Seismic hazards reassessed in the Andes

September 2, 2014
Gulf of Guayaquil and Andes. Credit: IRD / L. Audin

Although being able to predict the date on which the next big earthquake will occur is still some way off becoming a reality, it is now possible to identify the areas where they will occur. IRD researchers and their French, Ecuadorian and Peruvian partners have just measured the current deformation in the northern part of the Andes for the first time using GPS, where the tectonics of the Pacific and South American plates govern the high seismic activity in the region. The scientists then identified the areas where the fault, located at the interface of these two plates, is capable of generating large earthquakes or not.

This work, which was published in Nature Geoscience, also shed light on the formation of large tectonic structures such as the Bolivian highlands and the Gulf of Guayaquil in Ecuador, with the discovery of a continental microplate in Peru and southern Ecuador.

First measurement of the deformation in the northern Andes

The Andes have had three of the largest earthquakes ever recorded: on the border between Colombia and Ecuador in 1906, as well as in Chile, in 1960 and again in 2010. When will one of these happen there again? It is impossible to say... But scientists can now identify the areas where it will occur. Researchers from the Géoazur, ISTerre and ISTEP laboratories and their partners from geophysical and geographical institutes in Ecuador and Peru, have just measured the deformation in the northern Andes caused by the subduction of the Pacific Oceanic plate under the South American continental plate. Using a vast GPS network which has been deployed since 2008 and observational data collected since the 1990s, they have quantified the movements of 100 measurement points from central Peru to southern Colombia, with an accuracy of about one millimetre per year.

Clearly determined seismic areas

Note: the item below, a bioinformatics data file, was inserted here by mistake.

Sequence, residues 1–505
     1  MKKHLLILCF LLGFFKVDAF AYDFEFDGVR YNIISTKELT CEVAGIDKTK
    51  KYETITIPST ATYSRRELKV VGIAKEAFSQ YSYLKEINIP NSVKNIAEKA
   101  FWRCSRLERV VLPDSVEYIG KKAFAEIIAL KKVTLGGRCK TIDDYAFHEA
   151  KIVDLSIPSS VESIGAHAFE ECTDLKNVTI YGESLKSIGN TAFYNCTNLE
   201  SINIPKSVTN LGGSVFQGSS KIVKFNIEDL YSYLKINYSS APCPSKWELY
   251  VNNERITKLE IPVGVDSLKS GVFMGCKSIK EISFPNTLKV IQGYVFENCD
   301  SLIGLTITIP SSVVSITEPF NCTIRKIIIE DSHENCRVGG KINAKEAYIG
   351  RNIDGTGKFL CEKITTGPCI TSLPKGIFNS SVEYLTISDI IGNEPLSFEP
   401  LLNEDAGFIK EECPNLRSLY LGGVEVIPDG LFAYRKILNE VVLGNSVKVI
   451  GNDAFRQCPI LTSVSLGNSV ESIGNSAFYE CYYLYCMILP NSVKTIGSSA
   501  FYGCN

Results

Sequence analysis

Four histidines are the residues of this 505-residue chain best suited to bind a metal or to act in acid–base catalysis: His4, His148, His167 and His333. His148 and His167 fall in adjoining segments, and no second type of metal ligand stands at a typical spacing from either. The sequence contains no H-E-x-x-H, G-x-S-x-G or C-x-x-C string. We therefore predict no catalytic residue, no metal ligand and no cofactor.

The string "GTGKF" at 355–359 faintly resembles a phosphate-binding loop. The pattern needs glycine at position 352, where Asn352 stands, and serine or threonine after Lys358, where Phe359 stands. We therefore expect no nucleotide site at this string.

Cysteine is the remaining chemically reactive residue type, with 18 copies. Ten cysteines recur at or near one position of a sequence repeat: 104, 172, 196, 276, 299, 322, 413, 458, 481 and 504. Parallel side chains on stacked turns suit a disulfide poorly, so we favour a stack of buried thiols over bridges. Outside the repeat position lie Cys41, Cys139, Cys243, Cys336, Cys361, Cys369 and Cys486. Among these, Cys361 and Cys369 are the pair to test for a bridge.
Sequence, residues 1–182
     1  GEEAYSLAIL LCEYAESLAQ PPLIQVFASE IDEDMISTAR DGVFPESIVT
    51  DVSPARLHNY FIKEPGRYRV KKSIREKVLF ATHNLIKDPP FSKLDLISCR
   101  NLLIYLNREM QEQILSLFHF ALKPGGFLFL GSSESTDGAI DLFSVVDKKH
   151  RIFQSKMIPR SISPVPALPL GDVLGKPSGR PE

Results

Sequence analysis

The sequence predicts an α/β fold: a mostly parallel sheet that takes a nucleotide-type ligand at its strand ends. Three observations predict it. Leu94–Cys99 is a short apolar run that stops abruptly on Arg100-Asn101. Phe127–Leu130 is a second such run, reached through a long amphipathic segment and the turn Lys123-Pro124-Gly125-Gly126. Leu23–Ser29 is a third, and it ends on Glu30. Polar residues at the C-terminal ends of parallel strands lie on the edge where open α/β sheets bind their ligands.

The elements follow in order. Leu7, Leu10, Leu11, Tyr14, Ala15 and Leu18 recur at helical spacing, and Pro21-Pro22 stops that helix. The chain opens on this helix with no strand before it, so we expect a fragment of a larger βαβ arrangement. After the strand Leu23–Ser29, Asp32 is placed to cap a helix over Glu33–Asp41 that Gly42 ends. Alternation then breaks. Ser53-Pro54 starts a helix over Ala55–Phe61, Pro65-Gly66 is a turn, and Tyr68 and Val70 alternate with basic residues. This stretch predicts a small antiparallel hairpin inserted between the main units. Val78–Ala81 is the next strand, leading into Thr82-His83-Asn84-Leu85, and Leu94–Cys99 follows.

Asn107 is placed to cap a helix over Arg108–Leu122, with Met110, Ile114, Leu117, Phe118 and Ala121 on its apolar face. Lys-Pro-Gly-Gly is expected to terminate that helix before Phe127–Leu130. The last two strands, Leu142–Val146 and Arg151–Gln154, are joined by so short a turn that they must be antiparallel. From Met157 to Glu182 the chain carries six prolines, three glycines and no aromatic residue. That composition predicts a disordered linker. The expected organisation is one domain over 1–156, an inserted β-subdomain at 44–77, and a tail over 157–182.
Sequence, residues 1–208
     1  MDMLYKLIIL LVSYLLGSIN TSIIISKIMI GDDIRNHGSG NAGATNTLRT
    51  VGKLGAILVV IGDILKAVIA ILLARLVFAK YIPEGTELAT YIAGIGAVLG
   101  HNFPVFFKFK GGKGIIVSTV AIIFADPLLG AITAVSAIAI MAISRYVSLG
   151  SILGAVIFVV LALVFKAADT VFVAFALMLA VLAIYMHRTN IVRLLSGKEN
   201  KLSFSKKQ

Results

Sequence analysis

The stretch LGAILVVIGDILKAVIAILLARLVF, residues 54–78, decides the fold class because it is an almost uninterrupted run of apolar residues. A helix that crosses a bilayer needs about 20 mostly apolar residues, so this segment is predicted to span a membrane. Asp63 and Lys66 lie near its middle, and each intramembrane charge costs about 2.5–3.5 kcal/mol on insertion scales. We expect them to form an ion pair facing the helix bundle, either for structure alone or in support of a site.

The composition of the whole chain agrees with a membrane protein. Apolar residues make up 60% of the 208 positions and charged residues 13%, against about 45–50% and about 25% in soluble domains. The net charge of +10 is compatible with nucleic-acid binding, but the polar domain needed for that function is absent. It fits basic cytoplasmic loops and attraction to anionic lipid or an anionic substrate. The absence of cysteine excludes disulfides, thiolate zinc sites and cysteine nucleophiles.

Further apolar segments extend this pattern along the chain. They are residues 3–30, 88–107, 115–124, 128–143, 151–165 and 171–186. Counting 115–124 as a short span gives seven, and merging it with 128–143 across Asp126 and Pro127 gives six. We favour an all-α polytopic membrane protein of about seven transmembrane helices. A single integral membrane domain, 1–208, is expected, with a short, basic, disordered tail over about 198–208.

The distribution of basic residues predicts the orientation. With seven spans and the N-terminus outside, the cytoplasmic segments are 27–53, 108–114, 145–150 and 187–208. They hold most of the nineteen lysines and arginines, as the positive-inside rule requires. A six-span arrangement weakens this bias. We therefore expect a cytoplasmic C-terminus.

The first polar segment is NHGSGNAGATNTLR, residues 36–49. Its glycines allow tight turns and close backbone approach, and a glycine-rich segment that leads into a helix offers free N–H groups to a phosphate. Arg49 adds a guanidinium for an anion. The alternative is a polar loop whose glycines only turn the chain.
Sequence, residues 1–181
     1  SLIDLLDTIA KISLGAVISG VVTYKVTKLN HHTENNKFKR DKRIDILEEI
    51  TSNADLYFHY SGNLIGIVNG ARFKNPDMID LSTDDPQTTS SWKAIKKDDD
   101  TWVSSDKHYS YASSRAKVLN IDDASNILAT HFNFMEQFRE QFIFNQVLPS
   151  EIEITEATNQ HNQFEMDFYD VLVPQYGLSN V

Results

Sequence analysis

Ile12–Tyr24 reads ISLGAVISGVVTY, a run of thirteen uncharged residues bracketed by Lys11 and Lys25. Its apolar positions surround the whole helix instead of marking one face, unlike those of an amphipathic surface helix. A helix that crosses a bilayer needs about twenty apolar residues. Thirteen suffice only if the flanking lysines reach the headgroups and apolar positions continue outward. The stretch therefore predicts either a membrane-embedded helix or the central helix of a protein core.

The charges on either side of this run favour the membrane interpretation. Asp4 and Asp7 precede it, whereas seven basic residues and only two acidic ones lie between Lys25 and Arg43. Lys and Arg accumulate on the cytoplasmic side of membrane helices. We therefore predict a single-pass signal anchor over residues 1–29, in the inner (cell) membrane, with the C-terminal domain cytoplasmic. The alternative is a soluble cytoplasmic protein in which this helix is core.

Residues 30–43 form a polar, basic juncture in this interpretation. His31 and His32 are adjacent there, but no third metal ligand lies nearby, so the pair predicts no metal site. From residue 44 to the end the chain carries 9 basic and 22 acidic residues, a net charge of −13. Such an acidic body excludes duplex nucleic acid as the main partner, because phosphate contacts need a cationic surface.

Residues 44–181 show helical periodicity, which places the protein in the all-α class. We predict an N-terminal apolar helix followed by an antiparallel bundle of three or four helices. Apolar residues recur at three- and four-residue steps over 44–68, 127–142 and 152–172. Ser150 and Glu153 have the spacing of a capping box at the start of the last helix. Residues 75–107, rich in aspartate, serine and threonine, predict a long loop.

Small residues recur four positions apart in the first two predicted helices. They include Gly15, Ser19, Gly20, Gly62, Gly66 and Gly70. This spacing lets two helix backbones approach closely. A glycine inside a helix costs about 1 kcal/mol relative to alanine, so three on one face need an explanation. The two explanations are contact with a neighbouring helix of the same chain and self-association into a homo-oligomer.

The researchers were able to locate the areas at risk. Only two fault segments can produce mega-earthquakes (greater than 8.5 on the Richter scale), potentially accompanied by tsunamis: the first is located in central Peru and the second is further north, extending from northern Ecuador to southern Colombia. In between these two active segments, the research team identified a third subduction segment. Somewhat surprisingly, this is characterised by sliding that is mainly "aseismic". So in this area spanning more than 1,000 km from the north of Peru to the south of Ecuador, or 20% of the length of the Andean subduction, the accumulated energy seems insufficient to produce a mega-earthquake. Across the region, earthquakes remain more superficial and more modest in magnitude, as shown in recent history.

Andean structures explained

These studies have also enabled the researchers to discover a large continental block, wedged between the Pacific and South American plates. This piece of continent was called the "sliver Inca" by the authors of the study and is more than 1,500 km long and 300 to 400 km wide. It is separated from the continental plate and moves 5 to 6 mm per year towards the south-east in relation to it. This finding suggests that the current deformation of the Andes from Venezuela to southern Chile, and the seismic activity in the region are dominated by the movements of several microplates of that type.

The discovery of the "sliver Inca" also explains the location of major tectonic structures. For example, the Bolivian highlands, the second highest plateau in the world, was created by the "sliver Inca" and the central Andes microplate coming together. In contrast, the opening of the Gulf of Guayaquil in Ecuador is a result of the divergence of the Inca block and the northern Andes microplate.

These studies allow a better understanding of recent developments in the Andes and their continental margins. They therefore make better estimates of seismic hazards in the region possible.

Explore further: GPS data reveals more on mega-thrust earthquakes

More information: "Motion of continental slivers and creeping subduction in the northern Andes." Nature Geoscience, 2014, 7 (4), p. 287-291. ISSN 1752-0894

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